One of the great joys of being an historian in a school of environmental studies (ES) is that I get to teach history to ES undergraduates, with whom I adore working. On the whole, they are bright, politically engaged, mature, sophisticated, and surprisingly good at writing. They live the material in a way that is rare among history undergraduates. Climate change, sustainable food systems, fish farms, pipelines: These are not abstract “issues” but rather deeply felt personal causes and concerns. Every class feels urgent and relevant.
That said, ES students often lack a deep understanding of history. They understand the environmental crises of the day but don’t understand the historical dynamics that brought us to the present moment. Historiography and historicism are virtually unknown.
As a form of redress, I have begun teaching a course in ES called The Environmental History of the Past Ten Years. The idea is to historicize the present by illuminating the historical conditions that make our world possible. It was inspired by a world history course that a former colleague at the University of Alberta used to teach called The History of the Past Ten Years. It always had great enrolment and seemed to attract a whole range of students otherwise ambivalent about history. It was, in a sense, a current events course, but one that used historical methods to genealogize the issues of the day.
I structure my course around five case studies: the now-approved Site C dam project on the Peace River in B.C.; the proposed expansion to Kinder Morgan’s inter-provincial Trans Mountain pipeline system between Alberta and B.C.; the Paris Climate Accord; conflicts over water resources in South America and South Asia; and soil degradation and depletion worldwide. As such, the course covers the root issues of water, development, fossil fuels, climate, and soil. Since all of these topics are current events, I begin the course by forcing my students to read one or more newspapers every day. I suggest Victoria’s Times Colonist, the Vancouver Sun, the Globe and Mail, and The New York Times. For many students, this is a radical act that forces them out of a carefully constructed comfort zone. I can confirm that few millennials read the news any more, and most of it filters through social media, which means one is exposed only to what one’s peer group posts, and even then it’s mostly headlines or commentary. News is decontextualized and swirls aimlessly in the social media vortex.
The class begins every meeting with music. I solicit songs from students, ahead of time, that have themes similar to those of the course. We listen to one song per day as a kind of muse. The playlist includes “Stand Up / Stand N Rock #NoDAPL,” “Little Rivers Matter, Too,” and “Eyes Wide Open” by Gotye. The songs must come from the last ten years.
The theoretical foundation of the course is built upon three pillars. The first is the basic tenets of environmental history, historiography, and historicism (we read Donald Hughes). The second is the concept of environmental ‘framing’ developed by George Lakoff, which helps to understand the lens through which environmental problems are viewed. The third is an actor-centric analytical framework, which we have adapted from the work of George Hoberg on pipelines.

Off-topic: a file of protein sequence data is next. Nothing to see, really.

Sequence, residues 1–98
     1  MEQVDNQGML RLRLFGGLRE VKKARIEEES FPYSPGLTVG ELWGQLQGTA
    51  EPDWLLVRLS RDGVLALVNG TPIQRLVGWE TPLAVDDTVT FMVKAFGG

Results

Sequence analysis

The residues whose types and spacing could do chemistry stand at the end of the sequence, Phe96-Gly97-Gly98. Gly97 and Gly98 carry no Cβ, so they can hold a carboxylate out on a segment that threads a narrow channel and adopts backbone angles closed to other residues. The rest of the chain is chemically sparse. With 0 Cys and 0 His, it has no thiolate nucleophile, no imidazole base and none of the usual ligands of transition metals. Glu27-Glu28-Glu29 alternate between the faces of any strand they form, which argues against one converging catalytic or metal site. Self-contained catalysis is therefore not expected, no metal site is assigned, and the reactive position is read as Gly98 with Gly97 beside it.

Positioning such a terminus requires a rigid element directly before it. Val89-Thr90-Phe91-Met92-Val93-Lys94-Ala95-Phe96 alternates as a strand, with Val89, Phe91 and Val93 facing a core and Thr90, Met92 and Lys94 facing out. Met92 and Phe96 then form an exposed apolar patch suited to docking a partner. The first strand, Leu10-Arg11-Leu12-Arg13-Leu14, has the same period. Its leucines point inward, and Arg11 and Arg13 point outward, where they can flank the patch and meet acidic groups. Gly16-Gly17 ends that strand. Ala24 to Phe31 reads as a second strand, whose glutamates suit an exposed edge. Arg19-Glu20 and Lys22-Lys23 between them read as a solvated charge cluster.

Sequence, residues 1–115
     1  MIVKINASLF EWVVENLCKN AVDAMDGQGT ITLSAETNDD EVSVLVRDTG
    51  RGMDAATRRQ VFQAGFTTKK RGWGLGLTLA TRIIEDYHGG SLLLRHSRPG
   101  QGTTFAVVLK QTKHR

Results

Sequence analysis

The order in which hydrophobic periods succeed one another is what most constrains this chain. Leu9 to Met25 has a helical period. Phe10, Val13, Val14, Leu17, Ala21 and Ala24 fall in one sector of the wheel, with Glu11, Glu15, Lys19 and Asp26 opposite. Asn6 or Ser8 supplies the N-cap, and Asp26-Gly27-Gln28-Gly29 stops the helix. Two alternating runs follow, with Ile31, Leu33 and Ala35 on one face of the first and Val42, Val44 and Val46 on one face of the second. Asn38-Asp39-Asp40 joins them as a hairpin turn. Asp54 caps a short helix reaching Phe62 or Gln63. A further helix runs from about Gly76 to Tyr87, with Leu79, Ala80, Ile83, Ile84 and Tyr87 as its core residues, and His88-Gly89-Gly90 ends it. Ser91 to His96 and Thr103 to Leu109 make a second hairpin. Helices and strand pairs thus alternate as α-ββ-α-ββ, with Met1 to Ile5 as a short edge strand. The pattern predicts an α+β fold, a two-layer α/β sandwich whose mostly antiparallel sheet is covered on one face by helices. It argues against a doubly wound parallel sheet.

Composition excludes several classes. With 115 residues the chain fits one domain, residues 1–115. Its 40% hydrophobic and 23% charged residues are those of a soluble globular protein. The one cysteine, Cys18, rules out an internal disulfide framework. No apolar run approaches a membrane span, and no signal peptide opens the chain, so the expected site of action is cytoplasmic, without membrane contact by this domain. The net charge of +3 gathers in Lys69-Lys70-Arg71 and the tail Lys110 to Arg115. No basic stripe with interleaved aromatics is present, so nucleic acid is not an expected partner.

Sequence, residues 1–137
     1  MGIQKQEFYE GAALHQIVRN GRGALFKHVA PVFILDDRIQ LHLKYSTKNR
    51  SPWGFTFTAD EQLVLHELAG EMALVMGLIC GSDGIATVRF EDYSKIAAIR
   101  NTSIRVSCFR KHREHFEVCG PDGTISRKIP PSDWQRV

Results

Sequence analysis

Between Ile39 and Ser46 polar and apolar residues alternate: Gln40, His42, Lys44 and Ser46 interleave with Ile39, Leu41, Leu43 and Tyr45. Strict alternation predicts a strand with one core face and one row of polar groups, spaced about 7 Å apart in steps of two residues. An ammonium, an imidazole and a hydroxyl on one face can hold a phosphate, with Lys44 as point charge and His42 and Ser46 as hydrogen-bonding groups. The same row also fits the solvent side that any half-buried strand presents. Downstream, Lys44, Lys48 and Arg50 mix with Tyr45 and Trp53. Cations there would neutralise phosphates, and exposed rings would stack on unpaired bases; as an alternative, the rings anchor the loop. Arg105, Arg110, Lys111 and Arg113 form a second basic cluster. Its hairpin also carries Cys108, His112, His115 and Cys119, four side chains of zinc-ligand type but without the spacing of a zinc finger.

Every fourth class meeting or so, a pre-determined group of students leads a critical presentation on a case study. The five questions they are tasked with answering are these:
- Identify the problem: In what way is the issue an ‘environmental problem’?
- What historical conditions made the problem or issue possible?
- Who are the main players, institutions, organizations, or constituents involved?
- How does it relate to power, justice (or injustice), and equality (or inequality)?
- What are the implications (social, political, economic, and/or environmental)?
This method pushes the students to work backwards over several decades; to deracinate; to historicize; to view current events as outcomes of long historical processes. Site C didn’t appear out of thin air in 2010 but is, rather, the culmination of decades of hydroelectric path dependency that traces back to the Two Rivers policy developed by the province of B.C. in the 1950s. Kinder Morgan’s proposed pipeline must be understood as part of the longstanding development and dependency of fossil fuels, as well as the unique (and uniquely enabling) role played by the National Energy Board. Conversely, the resistance to the proposed pipeline in B.C. cannot be understood without recourse to the province’s history; to settler-indigenous relations; to the failed promises of reconciliation; to the environmental consciousness of the British Columbians.
I was proud when, this past week, my students understood the latest kerfuffle around the Trans Mountain pipeline expansion. (The Province of B.C., based on recent court rulings, chose to impose additional conditions on the shipping of bitumen through coastal waters, eliciting anger and threats from Alberta’s Rachel Notley, reassurances to the oil industry from Prime Minister Trudeau, and a stormy town-hall meeting in Nanaimo between Trudeau and locals.)
I encourage other instructors across Canada to develop similar courses that historicize current events, whether in ES or history departments. Using environmental history to make sense of the complexities of our world is empowering to students and presents a clear argument for the necessity of our discipline.
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- Teaching the Environmental History of the Past Ten Years - February 28, 2018